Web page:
One of the most striking pieces I’ve ever read in PAW was about the alumnus who foresaw the 1929 crash and got Princeton’s money out of the market in time. Now I read the sad comment that “like most investors, Princo was blindsided by the near-collapse of the financial system” (feature, Dec. 9).
Princeton is not “like most investors” or universities. Princeton dodged the bullet at least once and also seems unusually capable of producing the Paul Volcker ’49s and Ben Bernankes of the financial world. So I expected PAW to have written, “Unlike the crowd, Princo’s exceptionally competent and foresighted leadership has minimized our endowment losses to a few percentage points during a nearly unprecedented financial collapse ... ” This problem was caused not by sunspots, but by risk bubbles.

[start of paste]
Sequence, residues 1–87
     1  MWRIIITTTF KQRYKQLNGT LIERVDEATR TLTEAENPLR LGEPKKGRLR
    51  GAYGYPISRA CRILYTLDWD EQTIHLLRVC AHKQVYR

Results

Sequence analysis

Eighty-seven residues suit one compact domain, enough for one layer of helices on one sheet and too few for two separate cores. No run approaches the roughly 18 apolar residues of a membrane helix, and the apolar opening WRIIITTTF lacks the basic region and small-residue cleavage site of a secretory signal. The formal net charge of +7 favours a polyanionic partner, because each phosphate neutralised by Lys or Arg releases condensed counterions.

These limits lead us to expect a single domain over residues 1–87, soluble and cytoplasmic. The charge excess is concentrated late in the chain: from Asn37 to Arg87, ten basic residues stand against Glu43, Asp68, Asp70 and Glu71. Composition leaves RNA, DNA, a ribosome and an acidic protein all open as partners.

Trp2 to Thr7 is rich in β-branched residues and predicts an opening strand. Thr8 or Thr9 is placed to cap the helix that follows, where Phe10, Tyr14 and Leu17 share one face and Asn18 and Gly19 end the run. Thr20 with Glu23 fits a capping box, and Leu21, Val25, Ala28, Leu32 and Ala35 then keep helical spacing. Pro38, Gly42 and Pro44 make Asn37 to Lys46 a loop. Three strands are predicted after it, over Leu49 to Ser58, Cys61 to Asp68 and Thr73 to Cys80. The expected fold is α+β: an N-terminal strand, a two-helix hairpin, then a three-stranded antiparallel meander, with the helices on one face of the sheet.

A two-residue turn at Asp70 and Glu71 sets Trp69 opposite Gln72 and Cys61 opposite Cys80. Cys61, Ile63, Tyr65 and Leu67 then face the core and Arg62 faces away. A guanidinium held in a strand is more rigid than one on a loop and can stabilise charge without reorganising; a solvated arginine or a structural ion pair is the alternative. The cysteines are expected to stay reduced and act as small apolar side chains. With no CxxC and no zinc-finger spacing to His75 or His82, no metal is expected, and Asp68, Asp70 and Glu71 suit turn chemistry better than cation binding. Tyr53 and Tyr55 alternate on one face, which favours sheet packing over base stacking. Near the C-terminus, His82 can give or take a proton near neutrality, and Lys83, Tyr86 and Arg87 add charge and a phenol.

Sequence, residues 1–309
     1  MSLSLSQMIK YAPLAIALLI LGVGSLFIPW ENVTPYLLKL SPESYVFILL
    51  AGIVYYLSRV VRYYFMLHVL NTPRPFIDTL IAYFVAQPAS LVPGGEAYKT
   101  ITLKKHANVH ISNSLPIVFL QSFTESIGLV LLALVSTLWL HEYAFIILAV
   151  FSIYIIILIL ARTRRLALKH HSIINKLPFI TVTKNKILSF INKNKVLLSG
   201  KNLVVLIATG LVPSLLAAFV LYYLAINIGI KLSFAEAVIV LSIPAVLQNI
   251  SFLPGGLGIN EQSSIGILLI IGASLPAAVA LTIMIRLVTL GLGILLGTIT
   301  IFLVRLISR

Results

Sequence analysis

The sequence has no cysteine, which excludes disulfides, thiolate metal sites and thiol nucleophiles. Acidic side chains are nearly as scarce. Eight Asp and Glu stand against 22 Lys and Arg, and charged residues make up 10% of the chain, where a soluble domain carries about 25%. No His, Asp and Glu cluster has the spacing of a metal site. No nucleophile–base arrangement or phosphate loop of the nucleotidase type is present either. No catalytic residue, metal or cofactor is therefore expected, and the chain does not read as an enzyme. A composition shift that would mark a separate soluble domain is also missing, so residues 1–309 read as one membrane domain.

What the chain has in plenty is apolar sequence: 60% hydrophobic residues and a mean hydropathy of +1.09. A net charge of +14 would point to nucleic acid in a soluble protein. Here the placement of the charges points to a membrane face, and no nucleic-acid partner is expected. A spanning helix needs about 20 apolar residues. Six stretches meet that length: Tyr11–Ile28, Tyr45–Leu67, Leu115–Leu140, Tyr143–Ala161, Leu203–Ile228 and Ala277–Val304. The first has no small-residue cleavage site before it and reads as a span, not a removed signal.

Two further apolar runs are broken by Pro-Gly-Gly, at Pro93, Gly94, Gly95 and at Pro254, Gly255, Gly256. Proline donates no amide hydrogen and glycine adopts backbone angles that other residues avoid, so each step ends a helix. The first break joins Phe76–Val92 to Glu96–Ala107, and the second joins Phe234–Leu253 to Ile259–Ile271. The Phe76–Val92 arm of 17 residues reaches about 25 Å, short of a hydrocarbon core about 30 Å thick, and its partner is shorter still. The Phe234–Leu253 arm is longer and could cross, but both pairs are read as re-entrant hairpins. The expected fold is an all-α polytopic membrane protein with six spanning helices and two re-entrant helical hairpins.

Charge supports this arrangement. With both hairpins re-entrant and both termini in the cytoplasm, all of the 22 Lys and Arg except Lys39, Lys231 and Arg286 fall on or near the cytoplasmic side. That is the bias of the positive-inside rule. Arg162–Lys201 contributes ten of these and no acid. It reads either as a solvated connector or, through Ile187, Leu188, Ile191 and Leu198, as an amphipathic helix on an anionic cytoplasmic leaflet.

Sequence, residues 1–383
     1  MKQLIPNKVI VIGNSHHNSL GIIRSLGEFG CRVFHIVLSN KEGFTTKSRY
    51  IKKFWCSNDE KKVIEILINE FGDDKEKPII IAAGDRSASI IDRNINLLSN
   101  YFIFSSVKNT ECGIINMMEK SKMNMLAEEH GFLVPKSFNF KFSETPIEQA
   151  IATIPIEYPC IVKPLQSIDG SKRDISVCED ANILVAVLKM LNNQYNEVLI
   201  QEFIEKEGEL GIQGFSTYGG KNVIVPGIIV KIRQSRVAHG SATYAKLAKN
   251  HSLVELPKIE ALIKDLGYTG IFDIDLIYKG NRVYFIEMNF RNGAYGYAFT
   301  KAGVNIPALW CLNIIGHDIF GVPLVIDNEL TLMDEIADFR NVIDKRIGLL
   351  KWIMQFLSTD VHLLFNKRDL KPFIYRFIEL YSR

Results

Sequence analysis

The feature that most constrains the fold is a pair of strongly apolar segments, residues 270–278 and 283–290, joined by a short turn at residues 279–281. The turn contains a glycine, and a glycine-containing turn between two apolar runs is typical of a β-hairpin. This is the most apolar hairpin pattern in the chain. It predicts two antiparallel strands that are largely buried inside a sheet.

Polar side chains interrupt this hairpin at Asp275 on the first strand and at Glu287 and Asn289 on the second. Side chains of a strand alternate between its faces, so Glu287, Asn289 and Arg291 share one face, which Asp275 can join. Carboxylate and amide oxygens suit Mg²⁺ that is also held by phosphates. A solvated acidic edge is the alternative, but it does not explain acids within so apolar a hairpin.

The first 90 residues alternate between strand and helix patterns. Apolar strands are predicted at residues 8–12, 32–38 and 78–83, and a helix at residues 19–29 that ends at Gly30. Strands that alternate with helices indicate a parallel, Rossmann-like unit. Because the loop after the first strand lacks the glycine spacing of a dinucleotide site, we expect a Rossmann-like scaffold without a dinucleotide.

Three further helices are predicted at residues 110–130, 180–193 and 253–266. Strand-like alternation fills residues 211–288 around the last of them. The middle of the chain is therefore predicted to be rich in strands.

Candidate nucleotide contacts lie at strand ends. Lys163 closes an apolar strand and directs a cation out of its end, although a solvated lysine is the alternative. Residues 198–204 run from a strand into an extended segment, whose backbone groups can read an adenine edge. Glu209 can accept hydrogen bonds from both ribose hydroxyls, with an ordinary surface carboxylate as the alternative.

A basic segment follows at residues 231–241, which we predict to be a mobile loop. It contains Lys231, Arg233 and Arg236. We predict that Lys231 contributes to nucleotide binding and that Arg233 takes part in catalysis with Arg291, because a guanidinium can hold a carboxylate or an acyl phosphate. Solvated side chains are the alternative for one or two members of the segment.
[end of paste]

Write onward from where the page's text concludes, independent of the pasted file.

It may be my imagination, but even President Tilghman’s Opening Exercises address about Princeton’s vast opportunities and abilities to fix the world may have been less about Western hubris in a world that does not want to be fixed by Americans and more about her focus on fixing the problems related to the endowment loss and new debt.
Meanwhile, PAW states that our new dorms need to be lavish enough to attract (or pander to) the very brightest. Maybe the dorms will help the best and the brightest to overlook that we are, at least in the world of current finance, just like everyone else.
Enough defensiveness and half-reasons. Princeton can do better.